The Nvidia Deep Learning Super Sampling (DLSS) SDK (opens in new tab) has now been made freely available for anyone to download from its site. Where once you had to apply to use Nvidia's funky machine learning game enhancer, now it's just a simple download.
That means, theoretically, it should be easier than ever for game developers to start implementing DLSS into their games. We've seen how good it looks in Red Dead Redemption 2, among plenty of others now. Now there's no excuse not to squeeze in some performance boosting AI goodness into your next title.
There are three options for aspiring DLSS devs (opens in new tab): either grab the full DLSS SDK 2.2.1 download from Nvidia itself, snag the Unreal Engine 5 and 4.26 plugins from the marketplace, or use it natively in the Unity 2021.2 beta.
DLSS is probably the most important feature Nvidia has produced in recent times. It uses advanced machine learning to understand what a game should look like in high fidelity, and then uses your GPU's AI chops to reconstruct a lower resolution input into a great-looking experience with higher frame rates than at a native res.
It's worth noting that while DLSS was initially tied into Nvidia's push for real-time ray tracing in games, as the feature which made the punitive performance hit palatable, we're increasingly seeing it used completely independently in games just to increase frame rates on its own.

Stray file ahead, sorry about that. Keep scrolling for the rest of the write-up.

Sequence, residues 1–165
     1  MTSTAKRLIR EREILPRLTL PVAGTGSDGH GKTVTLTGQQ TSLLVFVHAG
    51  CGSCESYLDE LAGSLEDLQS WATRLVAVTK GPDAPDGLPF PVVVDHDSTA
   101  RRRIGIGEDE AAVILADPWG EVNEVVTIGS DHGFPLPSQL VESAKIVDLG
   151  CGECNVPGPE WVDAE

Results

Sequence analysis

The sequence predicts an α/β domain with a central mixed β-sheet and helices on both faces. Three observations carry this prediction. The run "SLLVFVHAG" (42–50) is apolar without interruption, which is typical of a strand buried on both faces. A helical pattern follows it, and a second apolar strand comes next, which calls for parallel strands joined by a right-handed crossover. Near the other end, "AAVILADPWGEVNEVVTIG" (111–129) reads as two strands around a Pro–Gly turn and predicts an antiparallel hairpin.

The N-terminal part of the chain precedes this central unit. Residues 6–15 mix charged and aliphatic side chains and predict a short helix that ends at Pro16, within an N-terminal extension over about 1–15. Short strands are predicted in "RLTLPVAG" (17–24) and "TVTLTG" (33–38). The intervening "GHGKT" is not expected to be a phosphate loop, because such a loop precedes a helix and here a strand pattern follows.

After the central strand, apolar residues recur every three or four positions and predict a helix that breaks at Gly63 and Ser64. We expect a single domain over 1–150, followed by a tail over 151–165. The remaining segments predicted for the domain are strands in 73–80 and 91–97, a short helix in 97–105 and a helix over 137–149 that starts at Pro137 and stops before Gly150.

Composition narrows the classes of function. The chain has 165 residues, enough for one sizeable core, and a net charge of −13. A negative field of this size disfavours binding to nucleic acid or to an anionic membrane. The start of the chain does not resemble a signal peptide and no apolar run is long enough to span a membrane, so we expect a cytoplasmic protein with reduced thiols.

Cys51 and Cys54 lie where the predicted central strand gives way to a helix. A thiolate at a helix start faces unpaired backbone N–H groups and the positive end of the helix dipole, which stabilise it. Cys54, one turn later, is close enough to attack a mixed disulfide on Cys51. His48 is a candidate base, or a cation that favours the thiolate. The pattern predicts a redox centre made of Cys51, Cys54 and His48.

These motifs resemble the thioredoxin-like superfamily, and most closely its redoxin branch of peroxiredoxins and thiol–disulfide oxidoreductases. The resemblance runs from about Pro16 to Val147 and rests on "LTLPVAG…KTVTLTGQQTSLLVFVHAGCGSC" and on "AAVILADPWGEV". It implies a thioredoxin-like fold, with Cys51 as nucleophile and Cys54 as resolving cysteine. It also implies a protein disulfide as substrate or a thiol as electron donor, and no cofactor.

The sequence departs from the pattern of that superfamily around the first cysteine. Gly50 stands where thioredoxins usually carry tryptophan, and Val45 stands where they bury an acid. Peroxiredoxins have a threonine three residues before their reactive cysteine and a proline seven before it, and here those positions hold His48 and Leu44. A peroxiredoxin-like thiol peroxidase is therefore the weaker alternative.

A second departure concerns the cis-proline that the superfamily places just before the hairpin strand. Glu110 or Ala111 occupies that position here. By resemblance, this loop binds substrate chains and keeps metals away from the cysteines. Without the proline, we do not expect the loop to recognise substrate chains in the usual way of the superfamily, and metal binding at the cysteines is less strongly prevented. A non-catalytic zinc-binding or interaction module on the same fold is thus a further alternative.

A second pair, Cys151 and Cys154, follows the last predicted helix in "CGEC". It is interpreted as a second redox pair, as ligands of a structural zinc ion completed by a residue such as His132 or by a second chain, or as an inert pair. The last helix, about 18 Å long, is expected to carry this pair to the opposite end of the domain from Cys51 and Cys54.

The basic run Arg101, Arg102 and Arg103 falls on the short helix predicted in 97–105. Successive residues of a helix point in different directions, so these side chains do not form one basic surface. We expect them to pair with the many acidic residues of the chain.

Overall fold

AMD has its own spatial upscaling and sharpening tool, called FidelityFX Super Resolution (opens in new tab), which offers a modicum of the benefits of DLSS, but on a platform agnostic basis. Nvidia's feature is just for Nvidia cards, because of capitalism, and because it does now use those silicon-based Tensor cores in its GPUs.
Nvidia has also this week shown RTX features, including DLSS and ray tracing, running on an Arm CPU system with a GeForce GPUs (opens in new tab). There's got to be an Arm-based GeForce gaming laptop coming soon, right?
Anyway, Nvidia's potential feature install base is only growing, with Proton support for DLSS (for Linux gamers running Windows games), and now native Linux support on x86 too.
Nvidia is also updating DLSS itself for both devs and players alike. There will now be a sharpening slider optionally available for developers to drop into their games, which will allow the end user to make images softer or sharper depending on their preference. DLSS is also getting a new Auto mode, which will pick an optimal DLSS setting based on the preferred resolution. That means for 1440p and under you get set to 'Quality', at 4K you're set at 'Performance', and at 8K you're given 'Ultra Performance.'